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Stolen coats for children turns into a Christmas miracle

A package thief disrupted Danielle Scheffey's coat drive, but couldn't stop it.

A package thief disrupted Danielle Scheffey's coat drive, but couldn't stop it.

Scheffey had packages containing donations for children stolen off her front steps in Northern Liberties, but was boosted by a community that rallied just in time for Christmas to restore what was taken.

"He was the antithesis of Santa," she said Monday. "It's ridiculous, but we got some help. It just took a little brotherly love."

Scheffey started collecting coats after a friend - a teacher at G.W. Childs Elementary School - told her about several students who didn't have warm clothes to wear this winter.

So she set a goal of collecting 50 coats, and as many hats, gloves and scarves they could get their hands on.

And after nearly reaching their goal last week, a package of coats that were shipped to her home on Lawrence Street were swiped on Dec. 9 by a real-life Grinch. After news surfaced last week of the Christmas misery, the community responded with a miracle - sending her more than 45 coats, as well as many hats and gloves.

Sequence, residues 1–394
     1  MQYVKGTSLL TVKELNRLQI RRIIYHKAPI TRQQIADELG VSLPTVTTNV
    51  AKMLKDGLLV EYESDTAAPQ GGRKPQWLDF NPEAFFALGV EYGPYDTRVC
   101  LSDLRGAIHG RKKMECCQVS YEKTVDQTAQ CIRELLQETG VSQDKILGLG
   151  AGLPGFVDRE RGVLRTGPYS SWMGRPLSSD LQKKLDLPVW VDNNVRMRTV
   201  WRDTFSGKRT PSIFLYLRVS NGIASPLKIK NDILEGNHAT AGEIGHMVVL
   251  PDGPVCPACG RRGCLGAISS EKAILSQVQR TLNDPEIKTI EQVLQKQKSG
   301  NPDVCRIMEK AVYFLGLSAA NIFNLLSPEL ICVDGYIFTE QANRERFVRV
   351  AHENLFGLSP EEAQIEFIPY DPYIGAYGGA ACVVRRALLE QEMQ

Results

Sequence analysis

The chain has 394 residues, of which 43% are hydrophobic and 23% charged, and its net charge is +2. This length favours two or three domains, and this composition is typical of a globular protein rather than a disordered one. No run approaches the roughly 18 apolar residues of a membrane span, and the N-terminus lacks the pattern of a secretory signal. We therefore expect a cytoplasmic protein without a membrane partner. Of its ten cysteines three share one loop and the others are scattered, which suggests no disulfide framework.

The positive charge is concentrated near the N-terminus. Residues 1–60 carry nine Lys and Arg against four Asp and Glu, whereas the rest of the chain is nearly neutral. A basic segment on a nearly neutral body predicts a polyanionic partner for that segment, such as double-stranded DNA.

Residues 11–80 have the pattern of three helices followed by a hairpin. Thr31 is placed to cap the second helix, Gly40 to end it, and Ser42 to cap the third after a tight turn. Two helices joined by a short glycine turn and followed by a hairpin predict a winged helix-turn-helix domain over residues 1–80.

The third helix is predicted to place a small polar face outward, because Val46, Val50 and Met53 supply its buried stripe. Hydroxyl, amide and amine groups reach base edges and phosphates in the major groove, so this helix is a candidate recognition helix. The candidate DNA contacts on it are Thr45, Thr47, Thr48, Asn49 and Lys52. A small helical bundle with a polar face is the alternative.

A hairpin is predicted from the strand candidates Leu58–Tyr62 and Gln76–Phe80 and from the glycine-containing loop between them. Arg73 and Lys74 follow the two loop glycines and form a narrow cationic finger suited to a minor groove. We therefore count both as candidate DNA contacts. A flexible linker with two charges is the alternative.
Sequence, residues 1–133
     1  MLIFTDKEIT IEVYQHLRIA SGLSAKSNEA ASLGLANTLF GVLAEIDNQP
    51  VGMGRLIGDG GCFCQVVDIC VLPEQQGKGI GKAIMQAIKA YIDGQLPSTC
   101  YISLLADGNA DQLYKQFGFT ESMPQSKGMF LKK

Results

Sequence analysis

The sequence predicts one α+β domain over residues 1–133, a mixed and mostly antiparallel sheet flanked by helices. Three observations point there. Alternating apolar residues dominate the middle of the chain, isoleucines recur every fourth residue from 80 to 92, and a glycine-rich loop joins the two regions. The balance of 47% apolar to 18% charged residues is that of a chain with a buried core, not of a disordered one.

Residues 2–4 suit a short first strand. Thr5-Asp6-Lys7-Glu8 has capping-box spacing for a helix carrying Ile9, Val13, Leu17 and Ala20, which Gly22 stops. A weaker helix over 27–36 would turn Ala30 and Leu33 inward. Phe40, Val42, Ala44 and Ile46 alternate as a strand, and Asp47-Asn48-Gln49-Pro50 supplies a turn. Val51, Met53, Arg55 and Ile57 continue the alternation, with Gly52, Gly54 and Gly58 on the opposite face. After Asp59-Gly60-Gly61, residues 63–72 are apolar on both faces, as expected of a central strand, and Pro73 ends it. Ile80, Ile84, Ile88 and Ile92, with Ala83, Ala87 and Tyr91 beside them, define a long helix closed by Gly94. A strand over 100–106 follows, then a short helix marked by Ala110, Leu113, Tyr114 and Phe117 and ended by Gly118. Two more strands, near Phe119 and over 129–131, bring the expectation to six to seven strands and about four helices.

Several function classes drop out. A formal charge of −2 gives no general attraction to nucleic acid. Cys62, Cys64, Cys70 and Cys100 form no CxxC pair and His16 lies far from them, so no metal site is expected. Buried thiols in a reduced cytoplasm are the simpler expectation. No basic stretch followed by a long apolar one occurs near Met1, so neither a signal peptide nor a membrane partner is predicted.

Donations poured in from a local business, as well as a Good Samaritan from Bucks County whose family is local.

Another man shipped about 18 coats to the school, and a woman from Northeast Philadelphia dropped off dozens of hand-knit scarves and hats.

In total, the school received more than 100 donated coats.

The school's guidance counselor will hold onto the garb, and pass them out to needy children as their needs become apparent.

But on Friday, while Scheffey waited for school to dismiss so she could drop off the coats, she spotted a mother and her two children.

The little boy was wearing a coat, but the teenage daughter was only wearing a hooded sweatshirt.

"It was like 20 degrees out," Scheffey said.

So she approached the family, told them about the drive, and asked the girl if wanted a coat.

"And she said, 'Oh, my god, that would be great,' " Scheffey said. "So we just started ripping open a bunch of bags until we found one that fit her, and she got to walk home with a new coat on."